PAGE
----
Although the percentages are falling, the best are financed in Western Europe by 80% government art production, presentation and export subsidies. We can forget 80% art subsidies in our wildest fiscal dreams; the majority of South Africans are without proper dwellings and basic services.
European cultural agencies help with what they decide are our best, but the numbers are very different. R60,000 is tops for European subsidy of art or theatre production in SA. In Netherlands 60,000 euros is the usual state subsidy for producing a theatre work.
It’s time to turn down the distracting po-mo (post-modern) piped music, get real, and concentrate instead on our commercial galleries and the role they play in art production. Admittedly this is optimistic in a country that’s marketing and life-style obsessed.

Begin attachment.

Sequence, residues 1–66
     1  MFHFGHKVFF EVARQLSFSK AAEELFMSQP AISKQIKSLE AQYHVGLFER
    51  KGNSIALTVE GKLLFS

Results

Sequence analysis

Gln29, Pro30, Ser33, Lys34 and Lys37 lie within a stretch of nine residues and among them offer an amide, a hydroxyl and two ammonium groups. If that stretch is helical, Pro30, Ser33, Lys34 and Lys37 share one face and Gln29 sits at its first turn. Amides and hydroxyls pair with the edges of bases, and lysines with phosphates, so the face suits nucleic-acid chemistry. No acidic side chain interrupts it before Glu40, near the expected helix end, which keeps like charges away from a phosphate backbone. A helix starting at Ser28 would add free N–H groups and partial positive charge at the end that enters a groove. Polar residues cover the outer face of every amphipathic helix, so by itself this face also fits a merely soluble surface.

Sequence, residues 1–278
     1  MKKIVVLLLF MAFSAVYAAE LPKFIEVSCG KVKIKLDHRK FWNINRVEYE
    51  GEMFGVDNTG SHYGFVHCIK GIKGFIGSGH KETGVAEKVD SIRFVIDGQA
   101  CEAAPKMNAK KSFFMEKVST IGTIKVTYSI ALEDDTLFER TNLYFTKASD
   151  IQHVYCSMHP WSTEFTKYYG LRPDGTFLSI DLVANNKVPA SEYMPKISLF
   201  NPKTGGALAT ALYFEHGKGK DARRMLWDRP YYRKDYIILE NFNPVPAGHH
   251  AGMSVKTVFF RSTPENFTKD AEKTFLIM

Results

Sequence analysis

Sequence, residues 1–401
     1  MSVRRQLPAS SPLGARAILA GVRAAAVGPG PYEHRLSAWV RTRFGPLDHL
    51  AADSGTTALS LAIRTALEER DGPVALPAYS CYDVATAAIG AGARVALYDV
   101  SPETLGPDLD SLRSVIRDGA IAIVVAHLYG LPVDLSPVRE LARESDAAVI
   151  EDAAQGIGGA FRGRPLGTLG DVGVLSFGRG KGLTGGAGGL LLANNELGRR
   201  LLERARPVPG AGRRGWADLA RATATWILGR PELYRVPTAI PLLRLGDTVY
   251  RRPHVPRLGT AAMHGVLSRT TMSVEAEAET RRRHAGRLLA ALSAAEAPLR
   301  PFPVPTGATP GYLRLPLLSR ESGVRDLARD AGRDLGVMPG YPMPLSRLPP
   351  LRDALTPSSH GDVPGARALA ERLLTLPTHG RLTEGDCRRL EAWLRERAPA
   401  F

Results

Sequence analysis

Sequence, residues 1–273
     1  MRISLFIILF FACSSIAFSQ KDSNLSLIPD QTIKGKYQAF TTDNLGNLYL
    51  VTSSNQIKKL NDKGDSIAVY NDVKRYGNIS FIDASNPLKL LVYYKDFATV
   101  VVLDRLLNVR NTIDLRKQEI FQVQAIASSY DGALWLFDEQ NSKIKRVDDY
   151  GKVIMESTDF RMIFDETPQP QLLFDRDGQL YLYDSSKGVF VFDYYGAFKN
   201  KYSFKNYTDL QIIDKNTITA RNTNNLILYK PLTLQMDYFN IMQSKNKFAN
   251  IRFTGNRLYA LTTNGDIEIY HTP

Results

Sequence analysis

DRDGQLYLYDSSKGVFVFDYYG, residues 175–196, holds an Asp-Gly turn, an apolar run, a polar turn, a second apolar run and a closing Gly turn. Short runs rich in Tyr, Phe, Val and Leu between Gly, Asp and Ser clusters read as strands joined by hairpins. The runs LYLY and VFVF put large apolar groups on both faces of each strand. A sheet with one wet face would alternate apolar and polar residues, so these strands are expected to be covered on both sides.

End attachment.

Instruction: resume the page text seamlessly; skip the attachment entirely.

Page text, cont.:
South Africa sadly perpetuates that after World War ll communism and capitalism were just brand names for systems that sustained elites on both sides of the Iron Curtain. Salman Rushdie pointed out that revolutions have seven years to get with it, or lose their courage.
Manufacturing should be a country’s core business, if it wants to own its own resources, both human and mineral. In successful economies at least 30% of GDP lies in the manufacturing sector, and 80% of manufacturing usually focuses on local demand. In South Africa manufacturing is now at 12% and falling ever since the 1960s when apartheid job discrimination forced companies to import sub-standard skilled labour at top dollar rates.